A good decision is based on knowledge and not numbers.Better a little which is well done, than a great deal imperfectly.The beginning is the most important part of the work.Apply yourself both now and in the next life. Without effort, you cannot be prosperous. Though the land be good, you cannot have an abundant crop without cultivation.

LeadersLeading Leaders

As any farmer knows, the growth of a crop only happens when the right ingredients are present. To harvest plentiful fields, the farmer has to begin by planting the right seed in rich topsoil where sunlight and water can help the seed to sprout, mature, and bear fruit. If any of the ingredients (seeds, topsoil, sunlight, or water) are missing, the crop won’t grow.

Growing as a leader also requires the proper ingredients. Unless the right attitudes and actions are cultivated an aspiring leader will sputter and fail rather than growing in influence. Let’s look at five basic qualities essential for growth in leadership.

  • Teachability

Arrogance crowds out room for improvement. That’s why humility is the starting point for personal growth. As Erwin G. Hall said, ‘An open mind is the beginning of self-discovery and growth. We can’t learn anything new until we can admit that we don’t already know everything.’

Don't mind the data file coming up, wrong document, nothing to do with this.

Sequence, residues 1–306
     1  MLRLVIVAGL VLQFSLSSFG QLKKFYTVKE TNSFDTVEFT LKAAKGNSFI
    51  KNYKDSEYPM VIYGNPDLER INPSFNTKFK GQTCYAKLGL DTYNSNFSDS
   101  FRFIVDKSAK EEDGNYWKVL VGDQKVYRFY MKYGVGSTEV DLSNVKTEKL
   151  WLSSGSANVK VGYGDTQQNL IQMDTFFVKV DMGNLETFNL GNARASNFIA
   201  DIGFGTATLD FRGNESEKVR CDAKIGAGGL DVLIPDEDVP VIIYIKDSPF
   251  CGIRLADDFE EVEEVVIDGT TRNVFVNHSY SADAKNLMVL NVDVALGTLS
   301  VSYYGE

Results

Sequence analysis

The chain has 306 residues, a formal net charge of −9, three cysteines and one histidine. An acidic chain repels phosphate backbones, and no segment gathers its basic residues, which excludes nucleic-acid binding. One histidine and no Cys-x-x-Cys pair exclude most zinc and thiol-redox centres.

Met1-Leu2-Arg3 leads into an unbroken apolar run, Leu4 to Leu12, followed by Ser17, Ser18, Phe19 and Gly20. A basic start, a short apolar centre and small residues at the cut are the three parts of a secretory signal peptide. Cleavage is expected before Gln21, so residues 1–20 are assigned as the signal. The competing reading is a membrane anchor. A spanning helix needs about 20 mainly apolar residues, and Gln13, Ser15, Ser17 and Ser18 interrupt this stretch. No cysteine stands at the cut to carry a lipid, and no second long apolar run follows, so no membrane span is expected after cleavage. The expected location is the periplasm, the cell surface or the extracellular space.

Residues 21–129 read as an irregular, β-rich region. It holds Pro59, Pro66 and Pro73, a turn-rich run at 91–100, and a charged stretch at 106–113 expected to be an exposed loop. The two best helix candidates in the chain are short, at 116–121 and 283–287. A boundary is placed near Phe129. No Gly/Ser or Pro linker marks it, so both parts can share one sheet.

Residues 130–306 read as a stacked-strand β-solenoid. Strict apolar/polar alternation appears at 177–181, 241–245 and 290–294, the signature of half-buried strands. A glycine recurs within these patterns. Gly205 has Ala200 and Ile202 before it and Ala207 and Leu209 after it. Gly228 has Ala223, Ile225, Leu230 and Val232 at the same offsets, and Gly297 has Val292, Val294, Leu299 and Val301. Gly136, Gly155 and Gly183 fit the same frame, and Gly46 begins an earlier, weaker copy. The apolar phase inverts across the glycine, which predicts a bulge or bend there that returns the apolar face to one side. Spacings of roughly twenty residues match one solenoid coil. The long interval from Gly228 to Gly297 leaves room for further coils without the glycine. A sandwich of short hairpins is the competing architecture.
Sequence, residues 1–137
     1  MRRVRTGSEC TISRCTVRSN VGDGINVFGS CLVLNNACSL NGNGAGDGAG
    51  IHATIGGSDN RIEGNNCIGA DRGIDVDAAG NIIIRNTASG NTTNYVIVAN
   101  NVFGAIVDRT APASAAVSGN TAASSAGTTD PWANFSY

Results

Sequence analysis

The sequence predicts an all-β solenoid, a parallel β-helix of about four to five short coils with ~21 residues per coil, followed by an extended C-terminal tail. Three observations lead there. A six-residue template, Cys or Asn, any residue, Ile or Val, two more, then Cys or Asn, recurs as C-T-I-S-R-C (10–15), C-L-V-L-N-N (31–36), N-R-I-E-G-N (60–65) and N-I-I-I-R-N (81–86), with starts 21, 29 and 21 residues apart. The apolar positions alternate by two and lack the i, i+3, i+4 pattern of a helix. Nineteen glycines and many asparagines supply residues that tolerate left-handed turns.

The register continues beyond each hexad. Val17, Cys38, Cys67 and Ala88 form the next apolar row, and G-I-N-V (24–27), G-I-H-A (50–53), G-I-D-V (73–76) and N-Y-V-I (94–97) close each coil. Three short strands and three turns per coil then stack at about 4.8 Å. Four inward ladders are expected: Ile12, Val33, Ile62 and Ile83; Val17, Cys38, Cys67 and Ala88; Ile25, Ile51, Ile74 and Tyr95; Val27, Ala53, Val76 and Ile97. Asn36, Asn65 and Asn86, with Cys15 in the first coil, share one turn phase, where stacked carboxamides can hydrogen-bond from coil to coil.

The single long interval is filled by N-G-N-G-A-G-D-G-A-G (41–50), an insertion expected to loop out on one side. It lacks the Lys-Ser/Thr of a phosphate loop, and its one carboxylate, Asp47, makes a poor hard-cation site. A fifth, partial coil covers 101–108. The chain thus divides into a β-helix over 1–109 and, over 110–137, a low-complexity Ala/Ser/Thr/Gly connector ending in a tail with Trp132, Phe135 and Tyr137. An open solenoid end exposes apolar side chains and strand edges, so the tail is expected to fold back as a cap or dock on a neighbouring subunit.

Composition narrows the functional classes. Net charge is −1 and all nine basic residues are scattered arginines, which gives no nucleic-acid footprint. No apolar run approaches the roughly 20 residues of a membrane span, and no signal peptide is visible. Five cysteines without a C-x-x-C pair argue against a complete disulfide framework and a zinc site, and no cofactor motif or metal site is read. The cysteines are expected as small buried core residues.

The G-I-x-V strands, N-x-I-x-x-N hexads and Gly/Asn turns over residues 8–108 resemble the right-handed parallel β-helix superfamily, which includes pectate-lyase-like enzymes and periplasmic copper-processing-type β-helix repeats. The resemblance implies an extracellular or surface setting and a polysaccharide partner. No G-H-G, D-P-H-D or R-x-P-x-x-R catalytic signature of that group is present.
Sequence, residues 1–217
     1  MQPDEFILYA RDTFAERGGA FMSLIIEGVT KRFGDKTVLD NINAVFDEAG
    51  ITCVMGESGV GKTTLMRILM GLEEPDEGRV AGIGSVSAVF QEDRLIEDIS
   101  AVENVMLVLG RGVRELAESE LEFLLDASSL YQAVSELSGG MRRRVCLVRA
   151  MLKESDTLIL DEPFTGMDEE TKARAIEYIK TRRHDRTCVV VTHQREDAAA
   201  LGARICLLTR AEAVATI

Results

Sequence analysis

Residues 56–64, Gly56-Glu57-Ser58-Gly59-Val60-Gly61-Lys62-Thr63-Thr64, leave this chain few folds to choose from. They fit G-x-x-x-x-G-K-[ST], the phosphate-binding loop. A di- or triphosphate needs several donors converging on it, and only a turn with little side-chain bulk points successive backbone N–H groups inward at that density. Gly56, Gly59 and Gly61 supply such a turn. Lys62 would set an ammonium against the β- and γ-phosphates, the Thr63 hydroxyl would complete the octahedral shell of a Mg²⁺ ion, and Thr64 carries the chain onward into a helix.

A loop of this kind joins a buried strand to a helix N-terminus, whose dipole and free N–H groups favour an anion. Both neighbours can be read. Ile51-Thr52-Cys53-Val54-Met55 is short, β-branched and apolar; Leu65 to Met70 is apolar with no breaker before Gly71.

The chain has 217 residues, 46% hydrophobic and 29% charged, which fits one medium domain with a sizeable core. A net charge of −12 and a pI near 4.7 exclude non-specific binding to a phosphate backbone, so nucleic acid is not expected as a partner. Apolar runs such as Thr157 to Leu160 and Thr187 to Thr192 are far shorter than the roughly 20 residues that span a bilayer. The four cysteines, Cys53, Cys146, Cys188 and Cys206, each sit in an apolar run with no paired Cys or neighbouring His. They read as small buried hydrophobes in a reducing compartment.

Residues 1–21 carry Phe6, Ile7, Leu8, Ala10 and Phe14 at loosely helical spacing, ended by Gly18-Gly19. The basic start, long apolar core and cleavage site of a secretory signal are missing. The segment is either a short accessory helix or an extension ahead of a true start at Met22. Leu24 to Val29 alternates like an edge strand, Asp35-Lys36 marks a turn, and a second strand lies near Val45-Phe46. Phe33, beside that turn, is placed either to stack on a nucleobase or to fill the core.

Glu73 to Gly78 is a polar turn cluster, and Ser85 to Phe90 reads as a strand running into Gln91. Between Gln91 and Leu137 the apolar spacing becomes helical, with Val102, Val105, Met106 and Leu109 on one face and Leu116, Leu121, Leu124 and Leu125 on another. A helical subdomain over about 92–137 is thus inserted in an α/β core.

Adopting a beginner’s mindset helps you to be teachable. Beginners are aware that they don’t know it all, and they proceed accordingly. As a general rule, they’re open and humble, noticeably lacking in the rigidity that often accompanies experience and achievement. It’s easy enough to have a beginner’s mind when you’re actually a beginner, but maintaining teachability gets trickier in the long term especially when you’ve already achieved some degree of success.

  • Sacrifice

Growth as a leader involves temporary loss. It may mean giving up familiar but limiting patterns, safe but unrewarding work, values no longer believed in, or relationships that have lost their meaning. Whatever the case, everything we gain in life comes as a result of sacrificing something else. We must give up to go up.

  • Security

To keep learning throughout life, you have to be willing, no matter what your position is, to say, ‘I don’t know.’ It can be hard for executives to admit lacking knowledge because they feel as if everyone is looking to them for direction, and they don’t want to let people down their people. However, followers aren’t searching for perfection in their leaders. They’re looking for an honest, authentic, and courageous leader who, regardless of the obstacles facing the organization, won’t rest until the problem is solved.

  • Listening

Listen, learn, and ask questions from somebody successful who has gone on before you. Borrow from their experiences so that you can avoid their mistakes and emulate their triumphs. Solicit feedback and take to heart what you’re told. The criticism of friends may seem bitter in the short-term but, when heeded; it can save you from falling victim to your blind spots.

  • Application

Knowledge has a limited shelf life. Unless used immediately or carefully preserved, it spoils and becomes worthless. Put the lessons you learn into practice so that your insights mature into understanding.